This application is related to my prior U.S. application Ser. No. 479,998, filed June 17, 1974 entitled Hemodialysis System, and now U.S. Pat. No. 3,920,556, granted Nov. 18, 1975. Specifically, the subject matter of this application supersedes the apparatus for removing gas bubbles from the hemodialysis solution disclosed by such patent.
2. Field of the Invention
This invention relates to apparatus for removing gases from liquids, and more particularly, it relates to apparatus for degassing a hemodialysis liquid.
3. Description of the Prior Art
My prior U.S. Pat. No. 3,515,275, granted Jan. 2, 1970, the several patents mentioned therein, and the prior art that was cited and considered by the Patent Office and listed at the end of the patent should be consulted for the purpose of properly evaluating the subject invention and putting it into proper perspective. The following additional patents relating to artificial kidneys or hemodialysis systems, should also be consulted: U.S. Pat. No. 3,352,779, granted Nov. 14, 1967, to Avery J. Austin and Robert S. Patch; U.S. Pat. No. 3,406,826, granted Oct. 22, 1968, to Charles B. Willock; U.S. Pat. No. 3,528,550, granted Sep. 15, 1970, to Christian Cappelen, Jr.; U.S. Pat. No. 3,598,727, granted Aug. 10, 1971, to Charles B. Willock; and U.S. Pat. No. 3,827,561, granted Aug. 6, 1974, to Earl J. Serfass, Edward R. Lindsay, Jr., Gene M. Holmes, James D. Aid and French Bishop, Jr. Several of these patents are concerned with the problems of removing gases from the hemodialysis solution prior to introduction of such solution into the hemodialyzer.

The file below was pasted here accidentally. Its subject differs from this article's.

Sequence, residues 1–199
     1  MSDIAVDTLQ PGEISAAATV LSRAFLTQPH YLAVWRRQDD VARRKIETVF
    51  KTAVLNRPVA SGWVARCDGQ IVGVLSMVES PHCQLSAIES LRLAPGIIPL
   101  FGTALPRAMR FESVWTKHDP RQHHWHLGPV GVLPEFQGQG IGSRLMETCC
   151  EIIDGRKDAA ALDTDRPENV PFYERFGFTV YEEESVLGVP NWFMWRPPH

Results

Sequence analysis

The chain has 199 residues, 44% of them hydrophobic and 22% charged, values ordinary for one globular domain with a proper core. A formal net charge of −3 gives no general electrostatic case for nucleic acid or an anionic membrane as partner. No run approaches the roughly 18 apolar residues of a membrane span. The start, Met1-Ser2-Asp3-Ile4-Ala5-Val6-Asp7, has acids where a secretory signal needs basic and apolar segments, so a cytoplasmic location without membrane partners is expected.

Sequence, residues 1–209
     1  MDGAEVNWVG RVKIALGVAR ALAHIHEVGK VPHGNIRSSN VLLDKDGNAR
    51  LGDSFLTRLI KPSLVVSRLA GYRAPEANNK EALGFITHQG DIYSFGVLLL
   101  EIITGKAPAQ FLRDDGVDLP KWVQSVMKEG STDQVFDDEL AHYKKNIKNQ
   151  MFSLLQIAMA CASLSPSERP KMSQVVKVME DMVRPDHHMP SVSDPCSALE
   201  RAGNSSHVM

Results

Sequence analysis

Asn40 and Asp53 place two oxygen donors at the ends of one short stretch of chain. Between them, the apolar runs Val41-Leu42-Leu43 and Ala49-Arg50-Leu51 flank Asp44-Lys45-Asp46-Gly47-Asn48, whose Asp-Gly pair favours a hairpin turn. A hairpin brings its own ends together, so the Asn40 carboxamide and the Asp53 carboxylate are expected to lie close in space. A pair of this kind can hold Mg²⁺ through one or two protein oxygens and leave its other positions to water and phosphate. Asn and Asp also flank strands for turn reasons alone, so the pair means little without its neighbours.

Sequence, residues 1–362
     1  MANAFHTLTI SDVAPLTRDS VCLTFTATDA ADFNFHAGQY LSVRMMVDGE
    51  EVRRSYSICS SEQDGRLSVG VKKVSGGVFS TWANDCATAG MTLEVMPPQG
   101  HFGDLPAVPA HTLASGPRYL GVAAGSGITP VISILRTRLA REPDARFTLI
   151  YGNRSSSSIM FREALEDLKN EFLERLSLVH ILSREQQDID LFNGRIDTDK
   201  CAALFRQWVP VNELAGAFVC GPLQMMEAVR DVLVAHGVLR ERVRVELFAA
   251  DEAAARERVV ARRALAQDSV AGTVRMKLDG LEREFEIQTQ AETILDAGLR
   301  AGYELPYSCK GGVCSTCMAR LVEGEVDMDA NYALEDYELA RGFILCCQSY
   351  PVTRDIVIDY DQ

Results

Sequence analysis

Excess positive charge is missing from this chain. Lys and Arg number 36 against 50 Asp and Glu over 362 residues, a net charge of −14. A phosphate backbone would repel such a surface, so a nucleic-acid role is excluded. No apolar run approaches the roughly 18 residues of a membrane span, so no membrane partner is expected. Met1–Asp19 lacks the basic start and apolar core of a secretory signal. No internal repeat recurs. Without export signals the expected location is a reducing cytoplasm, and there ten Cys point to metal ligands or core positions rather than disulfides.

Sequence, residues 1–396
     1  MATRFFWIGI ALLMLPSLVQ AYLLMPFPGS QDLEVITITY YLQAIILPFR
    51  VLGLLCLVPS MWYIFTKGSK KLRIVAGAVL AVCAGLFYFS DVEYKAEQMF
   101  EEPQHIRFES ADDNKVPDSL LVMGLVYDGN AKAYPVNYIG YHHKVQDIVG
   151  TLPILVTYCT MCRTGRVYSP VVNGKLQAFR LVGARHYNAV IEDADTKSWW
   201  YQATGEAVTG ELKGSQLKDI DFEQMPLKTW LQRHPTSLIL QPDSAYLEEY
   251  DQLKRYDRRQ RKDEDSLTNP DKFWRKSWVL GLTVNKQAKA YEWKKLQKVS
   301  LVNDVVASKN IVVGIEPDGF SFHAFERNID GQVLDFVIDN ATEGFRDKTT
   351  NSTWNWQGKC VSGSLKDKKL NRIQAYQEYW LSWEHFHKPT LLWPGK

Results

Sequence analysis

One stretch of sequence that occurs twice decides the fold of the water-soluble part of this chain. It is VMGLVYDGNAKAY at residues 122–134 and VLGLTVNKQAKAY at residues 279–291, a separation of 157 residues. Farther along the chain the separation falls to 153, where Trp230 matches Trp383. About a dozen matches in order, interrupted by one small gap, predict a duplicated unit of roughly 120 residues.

The present invention relates to novel ways of utilizing a hydrophobic material for efficiently removing the unwanted air and other gases.
Additonal United States patents which should be studied in conjunction with the subject invention, some of which involve the use of hydrophobic material, are: U.S. Pat. No. 3,463,615, granted Aug. 26, 1969, to Cestmir Sochor; U.S. Pat. No. 3,492,793, granted Feb. 3, 1970, to Pravin G. Bhuta and Robert L. Johnson; U.S. Pat. No. 3,523,408, granted Aug.11, 1970, to David Rosenberg; U.S. Pat. No. 3,614,856, granted Oct. 26, 1971, to Manuel C. Sanz and John J. J. Staunton; U.S. Pat. No. 3,651,616, granted Mar. 28, 1972, to Alain Blanchard and Alphonse Faure; U.S. Pat. No. 3,665,680, granted May 30, 1972, to Gustav Heuser and U.S. Pat. No. 3,768,563, granted Oct. 30, 1973, to Robert C. Brumfield.